Helping Hoboken

What taxes a town pay or not can vary sharply from year to year, as with Secaucus.

The freeholders, however, made a number of cuts that reduced Hoboken’s increase from originally proposed 18 percent (about $61 million) to 14.9 percent. This means that a home assessed at $552,340 will see an increase of $378 in the county portion of their taxes.

Jersey City meanwhile saw only a moderate cut in the increase from a proposed $102.3 million to $101.6 million, which means taxes will go up about $100 per year on a home assessed at $93,000.

Romano, who had struggled for awhile on whether to vote for or against the budget said the state, has to deal with the issue since it is a state formula that is the problem, and the county cannot change it on its own.

Some towns did better than others

Although Freeholder Chairman Jose Munoz oversaw hearings in every department with the aim of making deep cuts, various costs increased, such as the living wage provisions in contracts for vendors doing business with the county, and debt obligations.

Like Secaucus, Union City will see a 4 percent decrease in its obligation to the county, although West New York saw the deepest cut at 4.9 percent.

While towns like Hoboken, Secaucus, and Weehawken get hurt by the state formula, cities like Union City which are generally considered poorer towns benefit most, Romano said.

This means that state officials will have to find some compromise that will not create too much of an impact on poorer towns, while helping to reduce the burden on wealthy towns.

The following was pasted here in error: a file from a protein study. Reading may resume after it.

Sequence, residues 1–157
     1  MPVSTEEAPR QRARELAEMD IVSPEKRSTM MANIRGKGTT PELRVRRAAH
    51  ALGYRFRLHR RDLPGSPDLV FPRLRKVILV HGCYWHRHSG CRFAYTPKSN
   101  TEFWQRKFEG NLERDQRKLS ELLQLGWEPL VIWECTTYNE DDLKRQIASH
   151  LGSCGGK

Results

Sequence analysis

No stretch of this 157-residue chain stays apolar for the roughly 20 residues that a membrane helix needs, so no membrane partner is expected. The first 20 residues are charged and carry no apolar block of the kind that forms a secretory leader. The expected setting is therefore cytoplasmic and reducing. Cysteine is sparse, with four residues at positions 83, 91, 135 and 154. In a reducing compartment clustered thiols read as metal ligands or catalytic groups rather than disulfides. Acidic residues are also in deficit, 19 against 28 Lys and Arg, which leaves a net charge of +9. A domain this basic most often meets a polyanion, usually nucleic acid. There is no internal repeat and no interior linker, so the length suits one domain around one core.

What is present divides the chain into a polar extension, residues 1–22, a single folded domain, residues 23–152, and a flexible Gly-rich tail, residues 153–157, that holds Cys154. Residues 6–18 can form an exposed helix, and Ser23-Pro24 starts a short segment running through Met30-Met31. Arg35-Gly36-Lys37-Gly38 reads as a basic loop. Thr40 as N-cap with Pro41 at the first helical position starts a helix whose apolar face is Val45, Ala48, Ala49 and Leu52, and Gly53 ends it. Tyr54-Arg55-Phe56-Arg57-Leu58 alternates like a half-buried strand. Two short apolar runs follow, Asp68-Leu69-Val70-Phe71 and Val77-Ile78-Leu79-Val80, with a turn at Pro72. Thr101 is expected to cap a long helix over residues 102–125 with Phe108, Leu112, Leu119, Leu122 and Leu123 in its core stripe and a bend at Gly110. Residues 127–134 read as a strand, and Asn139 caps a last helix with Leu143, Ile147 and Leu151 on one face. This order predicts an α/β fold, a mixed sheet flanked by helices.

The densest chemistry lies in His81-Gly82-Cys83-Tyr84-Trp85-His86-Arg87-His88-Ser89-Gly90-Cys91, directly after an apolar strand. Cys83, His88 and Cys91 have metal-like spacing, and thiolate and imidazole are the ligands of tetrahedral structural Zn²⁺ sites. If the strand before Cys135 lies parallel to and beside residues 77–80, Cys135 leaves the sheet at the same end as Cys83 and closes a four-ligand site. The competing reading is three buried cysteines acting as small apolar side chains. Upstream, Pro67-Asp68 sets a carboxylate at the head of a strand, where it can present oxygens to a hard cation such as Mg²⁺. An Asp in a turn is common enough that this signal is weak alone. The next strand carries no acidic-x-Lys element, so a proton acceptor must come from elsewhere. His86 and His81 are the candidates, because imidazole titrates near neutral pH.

But poorer towns sometimes find themselves paying a greater percentage, O’Dea said, especially during a recession such as the one that hit in 2008.

“The value of homes in places like Jersey City or Hoboken also falls faster during recessions, and so towns like Union City, where the value is more stable, wind up paying more in county taxes,” he said.

County officials also note that there is an inequity of services in reverse. Poorer towns often pay less of the overall county taxes, but also use more of the services that are geared towards poorer residents. One solution for the future may be to find a way for the county to give more services to those towns paying the greater share.

O’Dea said ultimately, the burden rests on the shoulders of county officials.

“The more we cut our spending, the less the impact,” he said. “I’m proud that we cut $2.2 million from this budget, but I’m sure we could have cut more. We need to cut as much as possible, because I do not see a way of changing the formula.”

Cities can hurt themselves by not aggressively seeking to collect taxes. The city and town must pay the county tax, and then must collect it from taxpayers.

The other way to control the county taxes to towns is to increase revenues from other sources.

“We have the speaker (of the state Assembly) here in Hudson County and we need to meet with him to discuss other revenue streams,” O’Dea said.

County considers hotel tax

One area being considered is the possible establishing of a county hotel tax that would be paid for by guests renting rooms in Hudson County hotels. O’Dea said a breakdown done for the county showed that a 1 percent tax on hotel rooms would have generated as much as $9 million this year, and combined with the cuts, would have resulted in a flat tax countywide. Several towns have local hotel taxes.

“While hotel owners might not like it, the impact would not be significant on the guests since our rates here in Hudson County are far lower than those in New York City,” O’Dea said.

Al Sullivan may be reached at asullivan@hudsonreporter.com.